By Thursday evening snow really shutting off north of Denver, but still going pretty good for south metro area and Palmer Divide:
Snow clears Denver Wednesday night. We could still see some wrap around snow across the Eastern Plains into Thursday morning, as well as continued gusty winds as the low continues to track east/northeast.
We always like to stress impacts over exact snowfall totals. This is especially true when wind will make measuring near impossible in many areas. It won't take a lot of snow to cause whiteout conditions on the plains. At this point we fully expect most of Eastern Colorado (east of Denver) will be shut down on Wednesday –– so if you're planning to travel east do so prior or wait until after the storm clears.
Data shows gusts to 50mph in Denver, with the greatest winds in the city expected east of I-25. On the plains, gusts to 85mph or higher will be possible. Here's a look at wind gusts from the Euro model for Wednesday evening:
This is going to be a potent storm for many across Eastern Colorado. If it doesn't shake out exactly as you'd expect at your house, it's likely that somewhere down the road a few miles they are experiencing whiteout conditions. This looks like a very impactful storm regardless of how much snow falls. Stay tuned, and stay safe on Wednesday.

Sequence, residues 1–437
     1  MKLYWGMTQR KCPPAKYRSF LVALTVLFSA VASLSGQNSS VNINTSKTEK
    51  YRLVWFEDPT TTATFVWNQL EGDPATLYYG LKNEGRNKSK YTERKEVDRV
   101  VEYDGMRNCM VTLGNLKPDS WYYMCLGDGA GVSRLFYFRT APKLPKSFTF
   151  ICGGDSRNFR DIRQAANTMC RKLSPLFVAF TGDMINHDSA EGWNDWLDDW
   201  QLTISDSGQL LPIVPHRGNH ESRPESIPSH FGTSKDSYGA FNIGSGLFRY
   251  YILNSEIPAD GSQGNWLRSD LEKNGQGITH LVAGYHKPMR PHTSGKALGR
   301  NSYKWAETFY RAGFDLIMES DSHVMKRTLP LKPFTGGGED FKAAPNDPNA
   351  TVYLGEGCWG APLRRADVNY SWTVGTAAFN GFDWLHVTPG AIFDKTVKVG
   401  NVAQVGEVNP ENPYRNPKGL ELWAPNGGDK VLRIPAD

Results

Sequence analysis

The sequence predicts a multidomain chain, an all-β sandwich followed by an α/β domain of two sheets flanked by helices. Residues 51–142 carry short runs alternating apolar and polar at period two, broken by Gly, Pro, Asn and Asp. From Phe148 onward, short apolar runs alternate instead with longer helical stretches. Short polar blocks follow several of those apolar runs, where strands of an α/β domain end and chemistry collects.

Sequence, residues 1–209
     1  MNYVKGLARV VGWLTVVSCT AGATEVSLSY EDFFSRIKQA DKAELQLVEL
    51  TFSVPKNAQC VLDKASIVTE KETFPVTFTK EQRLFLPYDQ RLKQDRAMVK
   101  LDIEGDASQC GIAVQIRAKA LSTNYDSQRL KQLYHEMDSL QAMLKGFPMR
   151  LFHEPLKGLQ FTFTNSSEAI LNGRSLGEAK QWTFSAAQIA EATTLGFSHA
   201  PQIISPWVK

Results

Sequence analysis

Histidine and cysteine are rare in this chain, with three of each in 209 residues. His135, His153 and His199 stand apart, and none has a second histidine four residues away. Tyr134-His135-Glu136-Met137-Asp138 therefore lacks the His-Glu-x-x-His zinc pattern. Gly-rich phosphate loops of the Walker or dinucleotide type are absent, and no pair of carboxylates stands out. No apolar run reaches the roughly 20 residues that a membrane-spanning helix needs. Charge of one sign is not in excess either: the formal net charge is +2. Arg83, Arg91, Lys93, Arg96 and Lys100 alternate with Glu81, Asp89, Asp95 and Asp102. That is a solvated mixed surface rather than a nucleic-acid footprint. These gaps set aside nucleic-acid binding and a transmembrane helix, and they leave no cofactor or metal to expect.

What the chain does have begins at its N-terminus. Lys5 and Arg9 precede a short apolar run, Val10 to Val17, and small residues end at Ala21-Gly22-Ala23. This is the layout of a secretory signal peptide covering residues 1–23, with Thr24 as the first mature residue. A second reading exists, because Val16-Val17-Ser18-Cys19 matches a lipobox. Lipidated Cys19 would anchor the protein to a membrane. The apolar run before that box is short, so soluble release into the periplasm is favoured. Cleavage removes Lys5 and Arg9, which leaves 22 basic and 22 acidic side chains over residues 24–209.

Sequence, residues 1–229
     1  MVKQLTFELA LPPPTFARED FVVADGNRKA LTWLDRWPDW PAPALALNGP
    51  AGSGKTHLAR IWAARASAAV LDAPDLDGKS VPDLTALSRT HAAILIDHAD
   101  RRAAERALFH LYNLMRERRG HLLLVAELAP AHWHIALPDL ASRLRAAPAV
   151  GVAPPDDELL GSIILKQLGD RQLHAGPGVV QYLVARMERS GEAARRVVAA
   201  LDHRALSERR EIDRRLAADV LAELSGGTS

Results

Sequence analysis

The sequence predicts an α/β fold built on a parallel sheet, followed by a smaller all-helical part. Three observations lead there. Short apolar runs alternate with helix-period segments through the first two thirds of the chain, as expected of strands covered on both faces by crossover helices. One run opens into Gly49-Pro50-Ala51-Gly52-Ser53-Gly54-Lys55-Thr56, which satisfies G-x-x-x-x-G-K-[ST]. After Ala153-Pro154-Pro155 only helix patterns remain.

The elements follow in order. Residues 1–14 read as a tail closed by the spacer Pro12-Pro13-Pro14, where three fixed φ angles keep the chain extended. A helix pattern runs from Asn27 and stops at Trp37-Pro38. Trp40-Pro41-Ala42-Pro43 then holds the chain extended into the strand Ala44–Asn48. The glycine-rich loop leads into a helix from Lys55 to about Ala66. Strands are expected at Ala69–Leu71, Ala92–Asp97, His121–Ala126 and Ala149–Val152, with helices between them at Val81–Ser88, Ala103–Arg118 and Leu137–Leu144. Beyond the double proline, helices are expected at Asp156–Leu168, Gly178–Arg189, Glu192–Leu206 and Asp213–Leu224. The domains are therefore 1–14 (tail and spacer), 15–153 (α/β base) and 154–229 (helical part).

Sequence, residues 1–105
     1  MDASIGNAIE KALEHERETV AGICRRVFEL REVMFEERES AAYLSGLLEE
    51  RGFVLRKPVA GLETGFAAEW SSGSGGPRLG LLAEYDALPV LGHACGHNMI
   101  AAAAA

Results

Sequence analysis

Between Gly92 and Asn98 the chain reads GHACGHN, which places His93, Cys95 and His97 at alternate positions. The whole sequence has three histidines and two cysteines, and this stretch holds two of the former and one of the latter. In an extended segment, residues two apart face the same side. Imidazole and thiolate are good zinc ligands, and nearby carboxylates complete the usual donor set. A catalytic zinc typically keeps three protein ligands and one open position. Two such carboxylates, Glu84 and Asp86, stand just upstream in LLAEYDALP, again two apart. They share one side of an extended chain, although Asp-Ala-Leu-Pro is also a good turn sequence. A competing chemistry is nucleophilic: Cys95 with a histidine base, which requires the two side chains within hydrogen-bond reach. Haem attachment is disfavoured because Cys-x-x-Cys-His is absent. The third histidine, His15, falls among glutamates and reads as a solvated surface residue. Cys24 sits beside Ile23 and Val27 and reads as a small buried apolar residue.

Again, temperatures are a question for us. We anticipate the rain/snow changeover to come quickly for the urban corridor, but of course if this is not the case... our forecast snowfall totals will take a hit. High sun angle and the bulk of the snow coming during the daylight hours is also working against us. However, this is a very dynamic storm and we believe it can overcome!
We'll be watching things very closely and update as needed. Slight changes in track and speed can mean big changes in eventual outcome. So even with our initial snowfall forecast above, best stay tuned in between now and Wednesday in case anything changes.